Darryl Ponicsan's quest to ban gas-powered leaf blowers in the city of Sonoma could form the plot of one of his Hollywood screenplays.
The pitch goes like this: An accomplished writer working at his home in a leafy neighborhood a few blocks from Sonoma's Plaza is interrupted frequently by a leaf blower's tell-tale roar. The writer confronts gardeners with a sound meter, calls police and in exasperation airs his grievances for months at City Council meetings, including one in which he confesses that he has had to flee downtown to one of the city's wine salons to escape the maddening noise.
"So you can say this is driving me to drink," the writer tells city leaders.
Surprisingly, a majority on the City Council, which two years ago rejected calls for a ban on gas-powered leaf blowers, buys it this time around. Following a Sept. 3 public hearing, during which 19 people spoke in favor of the ban — including one woman who had a small dog perched on her shoulder — the council orders an ordinance that would make the city of 10,000 the first in Sonoma County, and one of the very few in the nation, to ban gas-powered blowers.
The move would represent a happy ending for Ponicsan, 75, whose screenplay credits include "The Last Detail," "Vision Quest" and "Nuts." He also is the author of a series of crime novels featuring a 50-year-old woman suffering through menopause.
Ponicsan said in an interview from his France Street home this week that the noise from leaf blowers is so distracting that he sometimes talks on the phone with one finger in his ear. He said he's gathered more than 300 signatures in support of a ban, mostly from people in attendance at the city's Tuesday night farmer's markets, where Ponicsan has manned a booth.
"I don't have any organization. It's just me and whoever shows up," he said. That included, at the Sept. 3 City Council meeting, his wife, Cecilia, who recounted the horror of "mothers trying to outrun clouds of dust" kicked up by leaf blowers.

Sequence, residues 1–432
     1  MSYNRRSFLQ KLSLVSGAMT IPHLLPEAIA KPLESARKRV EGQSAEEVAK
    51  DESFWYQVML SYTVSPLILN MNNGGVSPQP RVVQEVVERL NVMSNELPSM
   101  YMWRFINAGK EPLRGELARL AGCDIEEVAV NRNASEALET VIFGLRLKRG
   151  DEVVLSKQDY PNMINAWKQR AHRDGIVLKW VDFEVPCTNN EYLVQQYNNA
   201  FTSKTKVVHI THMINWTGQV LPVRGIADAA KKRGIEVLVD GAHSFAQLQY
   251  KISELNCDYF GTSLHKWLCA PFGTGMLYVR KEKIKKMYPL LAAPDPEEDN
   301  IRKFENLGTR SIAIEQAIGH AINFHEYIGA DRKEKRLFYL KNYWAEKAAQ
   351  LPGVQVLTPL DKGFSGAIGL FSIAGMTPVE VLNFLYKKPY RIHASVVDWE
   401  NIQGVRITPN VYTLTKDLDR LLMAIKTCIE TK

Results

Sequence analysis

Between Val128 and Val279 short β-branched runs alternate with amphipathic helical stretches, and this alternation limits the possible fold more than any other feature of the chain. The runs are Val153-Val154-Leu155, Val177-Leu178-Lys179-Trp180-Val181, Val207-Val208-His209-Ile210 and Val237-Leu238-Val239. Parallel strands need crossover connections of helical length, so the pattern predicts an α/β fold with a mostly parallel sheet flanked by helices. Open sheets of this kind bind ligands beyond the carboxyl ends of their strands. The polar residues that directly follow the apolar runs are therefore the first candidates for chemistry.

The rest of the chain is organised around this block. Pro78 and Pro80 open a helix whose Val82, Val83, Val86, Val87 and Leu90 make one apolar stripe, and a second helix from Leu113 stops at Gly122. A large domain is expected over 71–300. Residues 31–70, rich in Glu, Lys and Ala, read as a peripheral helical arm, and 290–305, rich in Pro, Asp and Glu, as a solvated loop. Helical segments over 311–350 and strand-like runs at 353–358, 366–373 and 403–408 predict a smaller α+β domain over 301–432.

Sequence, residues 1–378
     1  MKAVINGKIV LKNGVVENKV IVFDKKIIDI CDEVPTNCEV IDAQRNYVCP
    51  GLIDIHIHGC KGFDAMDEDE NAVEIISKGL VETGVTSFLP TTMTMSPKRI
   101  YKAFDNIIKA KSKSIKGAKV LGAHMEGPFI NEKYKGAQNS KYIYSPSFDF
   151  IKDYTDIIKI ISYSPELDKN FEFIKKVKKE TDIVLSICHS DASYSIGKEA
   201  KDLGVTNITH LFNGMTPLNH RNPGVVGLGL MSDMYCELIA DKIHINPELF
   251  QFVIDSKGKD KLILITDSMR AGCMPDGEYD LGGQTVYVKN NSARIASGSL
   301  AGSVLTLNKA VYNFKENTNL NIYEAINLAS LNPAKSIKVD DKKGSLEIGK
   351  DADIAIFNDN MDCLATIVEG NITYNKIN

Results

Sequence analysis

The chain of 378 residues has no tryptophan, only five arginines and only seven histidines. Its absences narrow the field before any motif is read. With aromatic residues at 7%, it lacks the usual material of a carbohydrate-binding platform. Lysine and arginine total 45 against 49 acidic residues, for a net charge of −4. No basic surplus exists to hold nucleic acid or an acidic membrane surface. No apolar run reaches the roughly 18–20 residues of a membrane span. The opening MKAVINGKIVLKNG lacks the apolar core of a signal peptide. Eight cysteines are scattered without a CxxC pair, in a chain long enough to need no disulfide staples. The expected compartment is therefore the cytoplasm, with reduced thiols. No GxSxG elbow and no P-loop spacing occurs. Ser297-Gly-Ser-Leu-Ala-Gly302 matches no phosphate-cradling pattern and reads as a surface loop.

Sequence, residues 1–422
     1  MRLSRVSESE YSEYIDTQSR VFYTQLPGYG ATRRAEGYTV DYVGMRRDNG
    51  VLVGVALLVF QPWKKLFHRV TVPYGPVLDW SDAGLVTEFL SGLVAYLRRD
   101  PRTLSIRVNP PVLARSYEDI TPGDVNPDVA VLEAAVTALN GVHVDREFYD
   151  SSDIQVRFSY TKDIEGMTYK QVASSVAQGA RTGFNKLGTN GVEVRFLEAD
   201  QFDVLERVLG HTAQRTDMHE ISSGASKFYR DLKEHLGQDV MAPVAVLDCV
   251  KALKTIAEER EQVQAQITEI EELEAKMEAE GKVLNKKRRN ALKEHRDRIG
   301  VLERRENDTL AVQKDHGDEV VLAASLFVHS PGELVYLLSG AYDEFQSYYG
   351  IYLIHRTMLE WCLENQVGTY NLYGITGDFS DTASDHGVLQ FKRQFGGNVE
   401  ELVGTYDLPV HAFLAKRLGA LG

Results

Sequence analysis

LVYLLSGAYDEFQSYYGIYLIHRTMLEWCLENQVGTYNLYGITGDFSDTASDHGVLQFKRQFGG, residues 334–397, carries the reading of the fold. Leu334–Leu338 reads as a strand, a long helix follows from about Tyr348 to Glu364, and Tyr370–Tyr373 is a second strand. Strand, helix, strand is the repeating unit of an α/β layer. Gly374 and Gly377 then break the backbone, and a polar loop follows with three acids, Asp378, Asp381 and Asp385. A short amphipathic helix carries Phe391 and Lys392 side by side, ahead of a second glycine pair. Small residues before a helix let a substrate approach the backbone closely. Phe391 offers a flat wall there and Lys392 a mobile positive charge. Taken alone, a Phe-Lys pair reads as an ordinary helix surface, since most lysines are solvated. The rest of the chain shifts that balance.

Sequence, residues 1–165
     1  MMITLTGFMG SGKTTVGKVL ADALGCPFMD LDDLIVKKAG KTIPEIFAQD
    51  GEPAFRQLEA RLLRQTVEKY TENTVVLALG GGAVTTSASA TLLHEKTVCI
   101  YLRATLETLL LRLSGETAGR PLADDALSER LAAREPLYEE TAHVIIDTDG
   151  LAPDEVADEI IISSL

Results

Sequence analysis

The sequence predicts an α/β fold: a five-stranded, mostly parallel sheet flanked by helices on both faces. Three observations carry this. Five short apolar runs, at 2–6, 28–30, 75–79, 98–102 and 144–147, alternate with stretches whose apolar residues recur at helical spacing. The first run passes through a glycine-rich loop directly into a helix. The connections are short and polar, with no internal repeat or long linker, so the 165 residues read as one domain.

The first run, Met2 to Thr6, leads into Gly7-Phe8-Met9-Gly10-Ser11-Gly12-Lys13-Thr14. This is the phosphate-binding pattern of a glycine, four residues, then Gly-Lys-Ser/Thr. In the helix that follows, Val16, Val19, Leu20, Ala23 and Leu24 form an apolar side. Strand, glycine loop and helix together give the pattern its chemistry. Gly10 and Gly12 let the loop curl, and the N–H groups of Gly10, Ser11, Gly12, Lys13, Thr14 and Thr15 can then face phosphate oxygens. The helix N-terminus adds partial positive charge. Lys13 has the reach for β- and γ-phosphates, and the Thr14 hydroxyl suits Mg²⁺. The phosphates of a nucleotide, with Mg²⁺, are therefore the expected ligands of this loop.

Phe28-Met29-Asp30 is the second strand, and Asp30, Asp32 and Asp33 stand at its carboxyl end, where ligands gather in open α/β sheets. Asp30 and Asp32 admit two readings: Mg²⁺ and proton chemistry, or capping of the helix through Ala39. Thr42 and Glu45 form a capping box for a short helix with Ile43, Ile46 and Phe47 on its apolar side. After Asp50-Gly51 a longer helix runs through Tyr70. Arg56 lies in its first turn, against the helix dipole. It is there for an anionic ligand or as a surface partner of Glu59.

Sonoma's draft ordinance returns to the City Council Oct. 7 for a first reading. Such efforts have had mixed results in California, where roughly 25 cities, almost all of them in relatively affluent areas, have bans on gas-powered leaf blowers. The city of Carmel was the first in 1975, followed by Beverly Hills in 1978. Berkeley's ban took effect in 1991.
Sebastopol city leaders voted to draft an ordinance in March 2011, but then backed away from a ban amid a public outcry over the decision. The city subsequently enacted a noise ordinance that prohibits sounds above 55 decibels as measured from a person's property line. Sonoma currently caps noise from gas leaf blowers at 70 decibels.
Questions inevitably arise over how to enforce such restrictions. Sonoma relies on the city's police force to respond to complaints; other cities make use of a code enforcement division or other city department.
Ponicsan, who has an artist's studio on First Street East, said a Sonoma police officer a few weeks ago responded to his complaint about a leaf blower being used at the Little League field across the street. Using a sound meter, the officer determined the noise exceeded the city's ordinance and told the leaf blower's operator to shut it down, according to Ponicsan.